John Aaron Nelson

Prefer type over interface

June 01, 2022

Don’t jump to conclusions

Head on over to and the first thing you’ll read is that you should prefer interface over type. Look at the section heading and you’ll see it says “Writing Easy-to-Compile Code”. Look at the top of the page and you’ll see it says “Read carefully before you jump to conclusions on this page!” Read carefully indeed.

Different conclusions

In my 8 years of writing Typescript code, I’ve come to the conclusion that you should pretty much never user interface. Actually, you should avoid it like the plague. I must be crazy.
How can I advocate so strongly for a position so obviously against official wisdom?

Why to use interface.

Interfaces have a long history in the programming world and exist in almost every OO language.
The “I” in SOLID is all about how great interfaces are.
Wisdom states you should think of your application as a combination of interfaces rather than classes or methods. Interfaces are great when you want to create a class that implements some combination of different signatures. Interfaces are great when you’re looking through a debugger and you can see the name of the instance. But most importantly: they speed up the compiler, after all, this advice is under the “Writing Easy-to-Compile Code” section Oh goodie.
I feel so warm and fuzzy inside knowing my code is structured for optimal compilation!

Why interfaces in Typescript are a footgun

Interfaces are great to use when creating classes.
I hate classes.
Why must people hate on classes?
Hasn’t Object Oriented code proven to be the kind of development paradigms over the last 40+ years?

One of the major discoveries the React team did during their decade plus of development is the people in general hate classes. First, they’re way more confusing than functions.
Why do we need a constructor, and call super.
Why are there things like static and abstract?

Well, dear noob, there are many reasons.
You are obviously too ignorant to understand why these things exist.
Go back to your kiddie pool and let the big kids do the real work

Poppycock. Programming is for everyone. The simpler the code, the better the code.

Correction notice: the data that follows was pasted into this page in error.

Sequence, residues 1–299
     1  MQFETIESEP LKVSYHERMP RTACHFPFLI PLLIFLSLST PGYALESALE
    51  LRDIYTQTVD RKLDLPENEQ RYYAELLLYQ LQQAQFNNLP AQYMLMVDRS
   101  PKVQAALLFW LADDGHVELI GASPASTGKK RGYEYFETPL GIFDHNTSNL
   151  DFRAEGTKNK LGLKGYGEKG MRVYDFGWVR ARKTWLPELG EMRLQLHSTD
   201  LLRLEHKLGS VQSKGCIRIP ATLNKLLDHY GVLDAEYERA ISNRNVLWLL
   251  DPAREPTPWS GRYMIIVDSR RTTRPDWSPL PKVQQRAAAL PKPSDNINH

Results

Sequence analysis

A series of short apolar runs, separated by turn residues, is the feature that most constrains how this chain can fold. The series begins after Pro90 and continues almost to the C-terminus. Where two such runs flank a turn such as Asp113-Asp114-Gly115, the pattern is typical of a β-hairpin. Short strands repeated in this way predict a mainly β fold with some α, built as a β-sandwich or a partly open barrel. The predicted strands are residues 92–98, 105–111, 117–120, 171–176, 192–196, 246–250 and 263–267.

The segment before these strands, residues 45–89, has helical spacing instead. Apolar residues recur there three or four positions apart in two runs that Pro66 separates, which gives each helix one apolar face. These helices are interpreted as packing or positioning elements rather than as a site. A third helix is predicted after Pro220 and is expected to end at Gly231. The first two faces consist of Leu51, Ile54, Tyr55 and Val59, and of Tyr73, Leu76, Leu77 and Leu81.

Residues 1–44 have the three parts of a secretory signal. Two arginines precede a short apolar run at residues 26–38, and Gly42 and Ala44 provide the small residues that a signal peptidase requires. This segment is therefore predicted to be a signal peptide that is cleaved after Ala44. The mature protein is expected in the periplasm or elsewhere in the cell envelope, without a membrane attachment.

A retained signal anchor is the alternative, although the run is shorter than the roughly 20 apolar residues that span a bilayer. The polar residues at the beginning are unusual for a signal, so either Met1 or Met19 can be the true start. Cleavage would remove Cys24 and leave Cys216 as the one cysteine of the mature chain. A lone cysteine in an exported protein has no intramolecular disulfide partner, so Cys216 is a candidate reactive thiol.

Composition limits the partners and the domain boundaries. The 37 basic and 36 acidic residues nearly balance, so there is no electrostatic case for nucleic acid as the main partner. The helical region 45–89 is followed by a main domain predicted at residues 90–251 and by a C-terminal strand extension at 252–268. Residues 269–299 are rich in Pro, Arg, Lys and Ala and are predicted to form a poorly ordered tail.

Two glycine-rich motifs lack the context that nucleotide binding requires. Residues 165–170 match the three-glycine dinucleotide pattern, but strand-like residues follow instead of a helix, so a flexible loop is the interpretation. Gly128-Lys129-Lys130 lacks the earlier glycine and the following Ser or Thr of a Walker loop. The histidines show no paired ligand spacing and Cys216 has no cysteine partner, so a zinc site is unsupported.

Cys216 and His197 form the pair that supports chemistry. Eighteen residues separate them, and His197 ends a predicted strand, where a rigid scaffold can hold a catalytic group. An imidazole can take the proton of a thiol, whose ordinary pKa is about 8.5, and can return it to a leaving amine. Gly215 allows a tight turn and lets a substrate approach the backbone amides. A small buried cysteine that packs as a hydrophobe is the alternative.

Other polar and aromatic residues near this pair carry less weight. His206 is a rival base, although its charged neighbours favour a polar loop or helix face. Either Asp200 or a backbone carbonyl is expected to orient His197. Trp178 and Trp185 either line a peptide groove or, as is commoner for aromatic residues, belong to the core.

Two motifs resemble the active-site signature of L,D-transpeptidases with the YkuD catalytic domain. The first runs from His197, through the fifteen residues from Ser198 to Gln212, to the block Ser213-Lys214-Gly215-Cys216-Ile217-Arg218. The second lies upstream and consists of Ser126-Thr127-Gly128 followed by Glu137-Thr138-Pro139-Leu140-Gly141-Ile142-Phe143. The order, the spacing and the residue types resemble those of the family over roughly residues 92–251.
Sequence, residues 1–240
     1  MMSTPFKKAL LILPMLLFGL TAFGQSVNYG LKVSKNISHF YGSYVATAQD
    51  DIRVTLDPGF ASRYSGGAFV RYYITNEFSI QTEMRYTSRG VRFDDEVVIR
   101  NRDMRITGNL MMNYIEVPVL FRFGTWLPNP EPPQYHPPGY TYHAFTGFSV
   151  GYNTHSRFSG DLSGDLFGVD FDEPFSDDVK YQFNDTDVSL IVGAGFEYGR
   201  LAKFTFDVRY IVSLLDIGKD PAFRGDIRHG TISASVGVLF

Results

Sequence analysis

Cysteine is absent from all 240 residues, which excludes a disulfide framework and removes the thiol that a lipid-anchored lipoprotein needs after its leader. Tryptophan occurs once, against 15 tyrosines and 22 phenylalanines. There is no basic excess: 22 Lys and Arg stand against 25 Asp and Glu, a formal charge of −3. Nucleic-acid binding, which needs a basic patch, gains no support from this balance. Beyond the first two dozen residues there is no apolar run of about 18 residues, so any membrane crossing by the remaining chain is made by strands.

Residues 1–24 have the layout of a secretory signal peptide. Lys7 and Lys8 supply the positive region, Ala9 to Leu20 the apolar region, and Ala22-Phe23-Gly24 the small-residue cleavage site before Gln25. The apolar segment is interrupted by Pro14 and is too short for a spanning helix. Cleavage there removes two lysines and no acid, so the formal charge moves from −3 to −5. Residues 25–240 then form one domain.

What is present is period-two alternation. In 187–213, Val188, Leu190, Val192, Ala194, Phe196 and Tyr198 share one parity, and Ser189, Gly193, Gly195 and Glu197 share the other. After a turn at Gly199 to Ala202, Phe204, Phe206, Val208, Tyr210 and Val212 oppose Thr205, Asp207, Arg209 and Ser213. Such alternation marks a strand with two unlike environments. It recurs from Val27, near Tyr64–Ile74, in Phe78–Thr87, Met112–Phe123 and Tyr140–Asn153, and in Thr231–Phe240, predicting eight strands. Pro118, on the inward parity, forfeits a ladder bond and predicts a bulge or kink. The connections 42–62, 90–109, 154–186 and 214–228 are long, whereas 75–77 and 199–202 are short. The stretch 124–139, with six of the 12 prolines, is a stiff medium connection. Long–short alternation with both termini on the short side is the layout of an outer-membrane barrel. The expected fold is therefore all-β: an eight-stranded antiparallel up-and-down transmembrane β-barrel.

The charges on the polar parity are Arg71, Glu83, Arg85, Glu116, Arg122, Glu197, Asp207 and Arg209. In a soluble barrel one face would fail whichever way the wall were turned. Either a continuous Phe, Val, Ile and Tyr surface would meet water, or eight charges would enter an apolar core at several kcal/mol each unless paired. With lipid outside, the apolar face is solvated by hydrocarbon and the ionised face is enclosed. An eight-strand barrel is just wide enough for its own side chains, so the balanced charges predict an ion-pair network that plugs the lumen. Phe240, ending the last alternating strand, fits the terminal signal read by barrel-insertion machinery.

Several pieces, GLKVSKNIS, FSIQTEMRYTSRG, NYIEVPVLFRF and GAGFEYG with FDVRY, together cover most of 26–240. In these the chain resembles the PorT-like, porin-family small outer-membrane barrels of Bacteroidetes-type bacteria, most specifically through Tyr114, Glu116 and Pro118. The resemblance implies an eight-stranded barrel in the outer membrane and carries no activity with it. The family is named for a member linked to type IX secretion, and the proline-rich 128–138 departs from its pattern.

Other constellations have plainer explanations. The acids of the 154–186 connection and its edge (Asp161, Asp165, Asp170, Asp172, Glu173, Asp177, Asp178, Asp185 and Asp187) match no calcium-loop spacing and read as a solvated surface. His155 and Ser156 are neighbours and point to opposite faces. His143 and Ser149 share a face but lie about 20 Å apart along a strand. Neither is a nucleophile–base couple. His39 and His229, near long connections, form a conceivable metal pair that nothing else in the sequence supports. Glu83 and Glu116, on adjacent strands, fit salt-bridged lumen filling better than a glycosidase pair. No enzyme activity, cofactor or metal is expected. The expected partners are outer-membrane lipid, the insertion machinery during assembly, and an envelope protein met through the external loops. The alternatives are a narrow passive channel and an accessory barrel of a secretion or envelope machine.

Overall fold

Code is written for people first. If the choice is me or the compiler, I pick me, every day of the week.
Maybe it would matter if you’re working on a codebase that is millions of lines long.
But in that case, you probably have more important things to worry about.
Like, should you find a different job.

I’ll admit, there are some cases where having a class is a nice thing.
Your domain model would be a good example here.
Sometimes it’s nice to have a Car instead of a { drive: () => void; honk: () => ...} So then there are good examples of using class and obviously interface must be better sometimes, right? Gotcha!

No. Even your domain model shouldn’t really be a class. Your model should be a POCO, for the same reasons that classes suck.
Make a class and your immediately tempted to subclass it, extract an interface, etc… OO is so much ceremony, so much distraction, so much unnecessary BS.

Ignore all that crap. Declare a shape to be a type, and use that type

Even if you want to user a class, you can still use implements with a type.

Union and Intersection types in Typescript are amazingly effective at getting across the exact relationship between the subtypes and effectively create an anonymous base type. It’s just as easy to create a named base type as it is to create a base interface, and then extend that interface in your other interfaces. When creating a base type and then extending that type in the subtypes, you have to modify both interfaces to establish the relationship.
With type you just establish the relationship Types are amazingly composable. Using boolean logic, you can express your type tree.

Types are able to made “ambient” where they live in a *.d.ts file and simply used whereever they’re needed.
When you don’t have to export and import the interface everywhere you want to use it (probably a lot of places) it becomes much easier to use types, and type your code. It’s amazingly delightful when I’m writing code, I see a variable name, I give it a type, and see the syntax validate… I don’t have to do anything else. No checking what path the file lives at, making sure you get the relative path right, sorting the imports right… so much unneeded BS is removed by using ambient types.

There are so many signals pointing us to use type Type is the fundamental thing that makes Typescript great, even if it’s not intended to be.

Pure functions rock. They’re easily testable. They’re easier to grok. They’re easier to use, because you can refactor them to their fundamental component, thus easier to refactor/move/rename/export/import/etc… They’re composable. You get to use awesome functional libraries like Ramda or Lodash. Pure functions are so good.

The only good reason at all to use interface over type, is that it’s easier on the compiler. There are many reasons to hate interface and love type.
For those reasons, you should always prefer type over interface.

When I see interface used regularly in a codebase, I immediately get scared the author hasn’t had that much experience with TS, and things might get gnarly. They should have learned all of those lessons years ago.

John Nelson

Written by John Nelson, who lives and works in Chattanooga, building things for